Michael J. Kovacs, MD, FRCPC; Philip S. Wells, MD, FRCPC, MSc
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Kovacs M., Wells P.; Randomized Trial of Warfarin Nomograms. Ann Intern Med. 2004;140:491-492. doi: 10.7326/0003-4819-140-6-200403160-00030
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Published: Ann Intern Med. 2004;140(6):491-492.
We thank all of the correspondents for the interest in our article, which has initiated a strong and emotional debate. Given the strong shift, however, of treatment of acute thromboembolism to an outpatient setting using low-molecular-weight heparin, it is imperative to have a simple means to achieve therapeutic oral anticoagulation in an efficient, timely, and predictable fashion.
Much press has been given to the fact that the INR may predominantly reflect factor VII levels during initiation of oral anticoagulant therapy, but with concomitant primary therapy (that is, therapy with low-molecular-weight heparin), no clinical consequences have been reported. Perhaps our nomogram should not be employed if concomitant low-molecular-weight heparin therapy is not used, but there are no data to support this. Despite theoretical concerns using Bayesian modelling, we did not experience a greater rate of critically higher INRs in patients treated using the 10-mg nomogram, and there are no data showing that patients with cytochrome 2C9 require lower initiating doses despite requiring lower maintenance doses of warfarin. Speed may kill in automobiles, but no data prove that it kills with warfarin.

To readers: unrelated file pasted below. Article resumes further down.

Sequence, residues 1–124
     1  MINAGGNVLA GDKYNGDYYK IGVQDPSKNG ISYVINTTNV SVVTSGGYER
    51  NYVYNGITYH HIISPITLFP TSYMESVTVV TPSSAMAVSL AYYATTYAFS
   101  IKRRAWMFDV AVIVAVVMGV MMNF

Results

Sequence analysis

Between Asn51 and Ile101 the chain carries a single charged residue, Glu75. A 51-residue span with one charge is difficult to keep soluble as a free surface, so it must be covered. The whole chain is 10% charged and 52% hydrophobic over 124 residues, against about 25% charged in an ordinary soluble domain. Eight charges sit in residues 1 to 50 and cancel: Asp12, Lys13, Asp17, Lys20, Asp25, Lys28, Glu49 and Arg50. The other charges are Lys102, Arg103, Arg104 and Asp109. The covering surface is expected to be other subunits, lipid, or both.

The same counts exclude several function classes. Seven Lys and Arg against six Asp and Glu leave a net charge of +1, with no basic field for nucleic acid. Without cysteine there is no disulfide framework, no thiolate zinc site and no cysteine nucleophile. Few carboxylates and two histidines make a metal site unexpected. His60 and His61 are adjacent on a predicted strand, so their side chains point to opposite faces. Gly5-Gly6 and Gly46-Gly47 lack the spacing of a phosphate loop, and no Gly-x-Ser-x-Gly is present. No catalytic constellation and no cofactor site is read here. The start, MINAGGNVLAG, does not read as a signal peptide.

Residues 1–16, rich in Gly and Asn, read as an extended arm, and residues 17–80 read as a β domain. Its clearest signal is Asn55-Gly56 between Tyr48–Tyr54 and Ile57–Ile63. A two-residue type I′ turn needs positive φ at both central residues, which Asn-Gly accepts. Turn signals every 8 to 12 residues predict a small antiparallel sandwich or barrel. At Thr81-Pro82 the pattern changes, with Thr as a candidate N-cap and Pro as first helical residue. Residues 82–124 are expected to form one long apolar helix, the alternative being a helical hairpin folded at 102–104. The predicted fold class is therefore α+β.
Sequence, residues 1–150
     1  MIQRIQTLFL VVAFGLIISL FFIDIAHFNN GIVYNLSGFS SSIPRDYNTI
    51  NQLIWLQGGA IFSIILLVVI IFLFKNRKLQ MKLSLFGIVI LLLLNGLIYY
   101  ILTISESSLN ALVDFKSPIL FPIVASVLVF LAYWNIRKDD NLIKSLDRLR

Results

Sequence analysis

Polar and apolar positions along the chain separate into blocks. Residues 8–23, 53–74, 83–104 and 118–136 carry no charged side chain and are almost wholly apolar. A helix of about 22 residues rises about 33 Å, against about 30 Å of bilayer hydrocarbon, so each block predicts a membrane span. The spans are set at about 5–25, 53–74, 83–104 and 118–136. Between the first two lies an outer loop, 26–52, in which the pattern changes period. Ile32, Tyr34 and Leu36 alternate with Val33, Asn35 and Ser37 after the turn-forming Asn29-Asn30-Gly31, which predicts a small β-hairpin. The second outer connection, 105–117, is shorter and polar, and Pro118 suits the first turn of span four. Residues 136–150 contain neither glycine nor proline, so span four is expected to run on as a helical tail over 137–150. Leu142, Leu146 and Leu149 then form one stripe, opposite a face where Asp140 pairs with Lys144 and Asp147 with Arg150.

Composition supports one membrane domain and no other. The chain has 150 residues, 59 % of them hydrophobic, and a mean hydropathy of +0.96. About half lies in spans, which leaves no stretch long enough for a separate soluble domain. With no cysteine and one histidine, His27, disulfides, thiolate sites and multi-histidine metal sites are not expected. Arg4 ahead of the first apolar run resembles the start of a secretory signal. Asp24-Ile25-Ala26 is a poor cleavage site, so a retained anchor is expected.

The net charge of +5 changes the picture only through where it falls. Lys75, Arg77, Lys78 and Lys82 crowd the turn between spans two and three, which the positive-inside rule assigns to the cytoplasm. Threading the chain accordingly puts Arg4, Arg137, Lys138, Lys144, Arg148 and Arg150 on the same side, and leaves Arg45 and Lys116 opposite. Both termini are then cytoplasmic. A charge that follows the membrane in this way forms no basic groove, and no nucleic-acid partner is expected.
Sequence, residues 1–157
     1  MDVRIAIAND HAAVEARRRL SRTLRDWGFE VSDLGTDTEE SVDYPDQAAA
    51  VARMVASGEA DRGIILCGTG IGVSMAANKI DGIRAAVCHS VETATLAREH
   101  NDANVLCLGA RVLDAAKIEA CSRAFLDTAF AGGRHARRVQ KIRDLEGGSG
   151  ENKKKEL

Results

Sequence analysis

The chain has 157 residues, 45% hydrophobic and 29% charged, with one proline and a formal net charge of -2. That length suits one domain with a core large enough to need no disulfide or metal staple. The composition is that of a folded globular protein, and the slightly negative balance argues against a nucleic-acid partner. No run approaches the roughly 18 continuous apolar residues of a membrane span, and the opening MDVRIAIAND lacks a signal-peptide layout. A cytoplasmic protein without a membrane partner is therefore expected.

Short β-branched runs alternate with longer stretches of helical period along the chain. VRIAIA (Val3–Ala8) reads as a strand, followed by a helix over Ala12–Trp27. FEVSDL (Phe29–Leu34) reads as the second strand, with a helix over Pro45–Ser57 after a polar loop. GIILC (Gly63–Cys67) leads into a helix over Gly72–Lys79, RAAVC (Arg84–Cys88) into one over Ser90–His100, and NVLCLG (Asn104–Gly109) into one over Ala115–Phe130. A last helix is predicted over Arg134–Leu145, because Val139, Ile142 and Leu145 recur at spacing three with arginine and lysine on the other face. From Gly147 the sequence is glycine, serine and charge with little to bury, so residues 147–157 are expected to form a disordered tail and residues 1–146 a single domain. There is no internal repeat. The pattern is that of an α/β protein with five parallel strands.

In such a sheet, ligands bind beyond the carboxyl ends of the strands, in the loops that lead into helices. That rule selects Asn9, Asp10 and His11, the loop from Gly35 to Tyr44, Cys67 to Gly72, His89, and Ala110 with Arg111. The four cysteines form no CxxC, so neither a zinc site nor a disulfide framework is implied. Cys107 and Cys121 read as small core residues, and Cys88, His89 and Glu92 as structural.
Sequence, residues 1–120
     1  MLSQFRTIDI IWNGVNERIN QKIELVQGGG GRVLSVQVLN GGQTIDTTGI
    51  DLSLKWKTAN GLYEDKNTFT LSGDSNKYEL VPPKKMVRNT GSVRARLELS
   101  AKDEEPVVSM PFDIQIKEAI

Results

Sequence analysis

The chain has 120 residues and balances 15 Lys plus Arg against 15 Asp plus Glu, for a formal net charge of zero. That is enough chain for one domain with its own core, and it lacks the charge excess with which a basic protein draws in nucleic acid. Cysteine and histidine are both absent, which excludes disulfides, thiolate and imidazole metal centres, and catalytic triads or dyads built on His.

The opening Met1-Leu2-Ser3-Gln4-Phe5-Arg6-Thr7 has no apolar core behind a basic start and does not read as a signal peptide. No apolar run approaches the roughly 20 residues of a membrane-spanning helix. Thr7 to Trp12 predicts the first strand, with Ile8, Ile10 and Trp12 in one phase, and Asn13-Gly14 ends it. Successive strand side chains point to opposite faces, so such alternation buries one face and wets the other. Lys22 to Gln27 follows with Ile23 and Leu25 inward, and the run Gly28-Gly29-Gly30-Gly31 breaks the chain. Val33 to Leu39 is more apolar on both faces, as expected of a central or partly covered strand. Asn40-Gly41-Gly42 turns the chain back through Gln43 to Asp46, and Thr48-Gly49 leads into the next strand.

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Print ISSN: 0003-4819 | Online ISSN: 1539-3704
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